About the Book:
Let’s explore the gift of friendship ~ what a devoted friendship looks like, how to handle the waiting period, and how to deepen current, valued friendships.
If you are in a season where you find yourself light on friends, I want this study to be an encouragement that this season will have an expiration date.
If you are in a place where you feel you have many friends, I hope you can use this study to evaluate the depth and purpose of those friendships.
It may spur you to take risks to deepen some already beautiful friendships. It may also help you see that there are some unhealthy ties that may need to be prayed over and potentially ended.
Finally, if you have friendships that are deep, but you tend to pull away when you are confronted, I hope you will see the value that lies before you. I pray that you will endure uncomfortable conversations with deep friends (that you know have your best interests at heart) in order to grow in friendship and as a daughter of the King.
Who better to tell us their story about forgiveness and renewed friendship than Shem and TJ from Stage Wars?
I'm glad to say they've agreed to speak with their play director, Mrs. Dragoon, and explain how their relationship transformed from foe to friendship (well, sort of).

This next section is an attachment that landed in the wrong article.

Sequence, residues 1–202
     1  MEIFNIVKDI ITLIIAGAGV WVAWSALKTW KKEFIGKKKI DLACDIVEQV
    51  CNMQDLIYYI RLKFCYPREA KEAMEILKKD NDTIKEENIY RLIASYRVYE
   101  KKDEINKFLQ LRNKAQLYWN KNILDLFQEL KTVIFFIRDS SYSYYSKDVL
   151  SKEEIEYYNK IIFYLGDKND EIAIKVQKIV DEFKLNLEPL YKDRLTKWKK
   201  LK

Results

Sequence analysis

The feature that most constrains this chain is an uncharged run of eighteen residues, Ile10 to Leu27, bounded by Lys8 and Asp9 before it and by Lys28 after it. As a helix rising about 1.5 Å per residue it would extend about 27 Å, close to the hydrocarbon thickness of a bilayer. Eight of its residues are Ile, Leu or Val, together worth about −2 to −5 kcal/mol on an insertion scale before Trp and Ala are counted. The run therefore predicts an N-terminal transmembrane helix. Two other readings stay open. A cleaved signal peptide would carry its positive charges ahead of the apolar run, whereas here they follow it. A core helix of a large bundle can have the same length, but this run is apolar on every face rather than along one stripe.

Shhhhh! Let's eavesdrop and listen in!
Setting: Mrs. Dragoon sits at her desk, peering at two theater students. Shem and TK sit opposite her, nervous.
Mrs. Dragoon: Boys, I've called you into my office today because something strange is going on.
Shem: Are we in trouble?
Mrs. Dragoon: (leans forward, eyeing him suspiciously) Have you done something that makes you think you might be in trouble?
Shem: (gulps) Not that I know of.
Mrs. Dragoon: Well, then, no one's in trouble -- yet. (folds her hands)
Shem: (sighs) That's a relief.
TJ: Shembo, you worry too much.
Mrs. Dragoon: Shem-bo? (glances at TJ, then Shem)
TJ: It's his nickname.
Shem: No, it's not! I'm just Shem.